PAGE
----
09/2014; 16(3):241-6. DOI:10.7461/jcen.2014.16.3.241
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    ABSTRACT: Introduction Stent-assisted embolization is sometimes limited in wide-necked aneurysms involving the acute-angled origins of tortuous branching arteries, and occasionally, Y-shaped stenting is required to remedy the sweeping effects of a broad aneurysmal neck on arterial branches. Described herein is a modified stent-assisted coil embolization technique entailing strategic placement of far proximal stent ("distal stenting") as an alternate approach in such scenarios. Methods For this particular technique, stent placement is confined to a branch artery, allowing far proximal stent to cover aneurysmal neck, with no bridge to parent artery. Kinking of stents deployed in tortuous arteries is thereby avoided, and better coverage of aneurysmal neck is achieved, compared with traditional stent protection. Records of 12 consecutive patients with wide-necked aneurysms, all treated by coil embolization with distal stenting between January 2009 and February 2014, were retrieved from a prospective data repository at our institution. Outcomes were analyzed in terms of morphologic features and clinical status. Results This modified technique was largely applied to aneurysms of middle cerebral artery, followed by posterior communicating artery and anterior communicating artery sites. With one exception, all aneurysms treated were successfully occluded. There were no complications directly related to distal stenting. At final follow-up (mean interval, 16.8 +/- 9.7 months), complete aneurysmal occlusion was sustained in 81.8 %. Delayed stent migration was observed in one patient (8.3 %). Conclusion Our study suggests that distal stenting in wide-necked aneurysms is a reasonable alternative to traditional stent protection, despite the potential for delayed stent migration.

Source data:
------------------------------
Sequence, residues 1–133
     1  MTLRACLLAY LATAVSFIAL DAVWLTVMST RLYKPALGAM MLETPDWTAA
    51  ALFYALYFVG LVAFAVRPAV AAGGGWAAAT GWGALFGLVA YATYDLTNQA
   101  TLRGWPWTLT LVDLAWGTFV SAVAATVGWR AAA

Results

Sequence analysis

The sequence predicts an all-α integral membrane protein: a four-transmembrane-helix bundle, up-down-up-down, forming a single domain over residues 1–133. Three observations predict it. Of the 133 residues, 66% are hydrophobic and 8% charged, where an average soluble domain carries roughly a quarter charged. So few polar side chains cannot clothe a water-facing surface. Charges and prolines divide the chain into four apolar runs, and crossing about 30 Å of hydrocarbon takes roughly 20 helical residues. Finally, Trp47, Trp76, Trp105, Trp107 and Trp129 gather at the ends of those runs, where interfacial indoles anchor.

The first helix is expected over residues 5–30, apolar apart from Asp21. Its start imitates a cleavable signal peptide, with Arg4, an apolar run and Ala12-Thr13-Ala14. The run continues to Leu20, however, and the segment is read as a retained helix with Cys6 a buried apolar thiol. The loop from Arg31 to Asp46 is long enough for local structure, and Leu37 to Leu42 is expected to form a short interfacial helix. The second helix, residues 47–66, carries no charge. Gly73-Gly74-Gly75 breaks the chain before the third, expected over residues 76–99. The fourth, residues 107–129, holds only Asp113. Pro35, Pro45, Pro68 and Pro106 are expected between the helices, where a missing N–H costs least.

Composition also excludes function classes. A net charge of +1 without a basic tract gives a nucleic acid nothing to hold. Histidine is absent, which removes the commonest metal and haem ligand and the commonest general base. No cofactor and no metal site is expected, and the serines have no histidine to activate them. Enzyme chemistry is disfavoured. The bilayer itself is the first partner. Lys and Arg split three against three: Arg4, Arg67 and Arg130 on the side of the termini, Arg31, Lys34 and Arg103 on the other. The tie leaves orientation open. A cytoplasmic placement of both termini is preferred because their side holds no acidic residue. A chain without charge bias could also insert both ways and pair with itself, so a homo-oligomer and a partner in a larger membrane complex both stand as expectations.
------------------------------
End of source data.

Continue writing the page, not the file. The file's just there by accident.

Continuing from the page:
Neuroradiology 07/2014; 56(10). DOI:10.1007/s00234-014-1402-7 · 2.37 Impact Factor
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    ABSTRACT: Superior cerebellar artery (SCA) aneurysms have distinctive morphologic configurations and vascular origins. Herein, we have analyzed the angioarchitectural characteristics of SCA aneurysms and outcomes achieved through endovascular treatment. Data accruing prospectively from January, 2002 to September, 2013 yielded 53 SCA aneurysms in 53 patients. Each lesion was classified as either basilar artery (BA), BA-SCA, or SCA type, according to the nature of incorporated vasculature. Clinical and morphologic outcomes were assessed, with emphasis on technical aspects of treatment. Angles formed by SCA and posterior cerebral artery were obtuse (124.8 ± 29.1°) on sides ipsilateral to aneurysms, differing significantly from contralateral counterparts (44.8 ± 22.0°) (p < 0.001). The most common type of aneurysm was BA-SCA (54.7 %), followed by SCA (28.3 %) and BA (17.0 %), and BA type aneurysms were the largest in size. Steam-shaped S-configured microcatheters (n = 19, 67.9 %) facilitated aneurysm selection for approach via contralateral vertebral artery (n = 28), whereas pre-shaped 45/90/J microcatheters (n = 21, 84.0 %) primarily were used for ipsilateral vertebral artery approach (n = 25). Single-microcatheter technique (52.8 %) was most often applied, followed by double-microcatheter (34.0 %), stent-assisted (9.4 %), and microcatheter-protection techniques (3.8 %). Aneurysmal occlusion was satisfactorily achieved in 45 lesions (82.1 %), with no procedure-related morbidity and mortality. In follow-up monitoring of 46 patients for a mean period of 25.8 ± 24.4 months, only a single instance of major recanalization (2.2 %) occurred. Coil embolization of SCA aneurysms is a safe and effective treatment modality, enabling individualized procedural strategies to accommodate distinctive angio-anatomic configurations.